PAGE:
If you found out you were going to die tomorrow, what would you do? Cinema has often looked to stories of the dead as a way of making sense of the living, but rarely do we ever choose to confront our own mortality head-on. Not Thai director Nawapol Thamrongrattanarit, whose Die Tomorrow merges various perspectives on death to provoke a conversation about the fleeting nature of life.
Die Tomorrow absorbs information through an assortment of real-life conversations, news reports and reenactments to create a more informed, emotionally resonant basis from which to explore the interactions between movement and stillness, the living and the dead. Opening with a quote about the 24-hour life expectancy of the mayfly, the film quickly cuts to mobile phone footage of a parent explaining death to their distraught child.
It’s the type of spontaneous, real-life comedy moment you’d expect to see go viral, but it also touches on how devastating the discovery of our own mortality is. Part hybrid documentary, part essay film, Die Tomorrow renders death as something more obscure and less final than its commonly seen; positing it as a matter for procrastination by opening up new possibilities and intellectual positions on the topic of our temporality.
There are roughly 7,200 death every hour – that’s two a second, and Thamrongrattanarit uses this statistic to frame six real-life deaths in Bangkok – with a counter at the top left of the frame keeping track of all the deaths that occur during the Die Tomorrow’s runtime. There’s a college girl who was hit by a bus whilst buying beer for her friends, a young man who jumps from his balcony because he feels alienated and a businessman who died in his sleep during the stock market, only for his body to go unnoticed for five hours. None of these six subjects have any clue of their impending fate, with the film choosing instead to explore their quotidian activities the moments before and after their time on this earth has run its course.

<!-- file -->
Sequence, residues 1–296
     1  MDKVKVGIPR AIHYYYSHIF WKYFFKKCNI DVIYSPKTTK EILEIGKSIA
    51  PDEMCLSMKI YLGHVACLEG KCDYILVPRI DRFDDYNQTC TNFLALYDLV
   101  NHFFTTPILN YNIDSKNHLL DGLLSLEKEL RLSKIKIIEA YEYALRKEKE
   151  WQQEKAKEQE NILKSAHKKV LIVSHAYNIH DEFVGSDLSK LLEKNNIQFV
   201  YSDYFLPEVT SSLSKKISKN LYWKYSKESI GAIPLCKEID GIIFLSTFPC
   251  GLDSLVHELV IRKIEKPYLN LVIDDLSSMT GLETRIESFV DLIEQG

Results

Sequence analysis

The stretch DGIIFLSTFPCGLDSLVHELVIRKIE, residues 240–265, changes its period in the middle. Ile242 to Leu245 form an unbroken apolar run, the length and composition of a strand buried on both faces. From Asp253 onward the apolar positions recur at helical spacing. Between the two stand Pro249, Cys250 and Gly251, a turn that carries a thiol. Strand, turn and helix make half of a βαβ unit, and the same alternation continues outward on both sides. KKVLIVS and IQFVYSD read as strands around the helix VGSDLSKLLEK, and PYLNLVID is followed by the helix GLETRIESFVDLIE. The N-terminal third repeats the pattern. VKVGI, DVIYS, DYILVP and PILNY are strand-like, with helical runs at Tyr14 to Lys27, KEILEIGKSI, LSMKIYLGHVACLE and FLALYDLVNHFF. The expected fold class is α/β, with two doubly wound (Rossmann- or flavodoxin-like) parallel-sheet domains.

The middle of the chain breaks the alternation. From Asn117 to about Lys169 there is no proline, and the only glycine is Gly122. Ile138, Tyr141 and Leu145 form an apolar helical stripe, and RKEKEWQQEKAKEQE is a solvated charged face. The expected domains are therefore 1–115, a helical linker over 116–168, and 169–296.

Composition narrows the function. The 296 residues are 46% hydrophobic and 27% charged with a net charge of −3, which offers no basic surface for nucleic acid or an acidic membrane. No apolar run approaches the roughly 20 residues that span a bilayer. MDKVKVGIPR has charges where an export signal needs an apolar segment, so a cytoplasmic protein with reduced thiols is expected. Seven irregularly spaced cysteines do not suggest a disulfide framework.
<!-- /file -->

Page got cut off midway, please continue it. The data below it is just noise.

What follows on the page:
Many of these constructed realities are shot in close up, with Thamrongrattanarit choosing to work within a tight frame ratio to elude to how we eventual all greet death alone. If that sounds depressing it shouldn’t, as the film’s gallows humour keeps the tone light throughout, framing each of these vignettes with real-life interviews; be it a young child who read about death on Reddit, to a 104-year-old man who believes his long life is either down to his genes, or a mistake by someone upstairs.
Thamrongrattanarit’s stimulating rhythm and unhurried pacing slowly cast a spell over the viewer who, in turn, are rewarded with a series of tender moments that highlight the simple pleasures that make life worth living. By the end of Die Tomorrow, the counter at the top of the screen tells us that 8,442 will have passed away during the film, but these tender reflections on the ephemeral nature of life make that figure seem insignificant. A beautiful tapestry about time, and how time works, Thamrongrattanarit strips away the fear that surrounds death by instilling the belief that we should live each day as if we were going to die tomorrow.
Patrick Gamble | @PatrickJGamble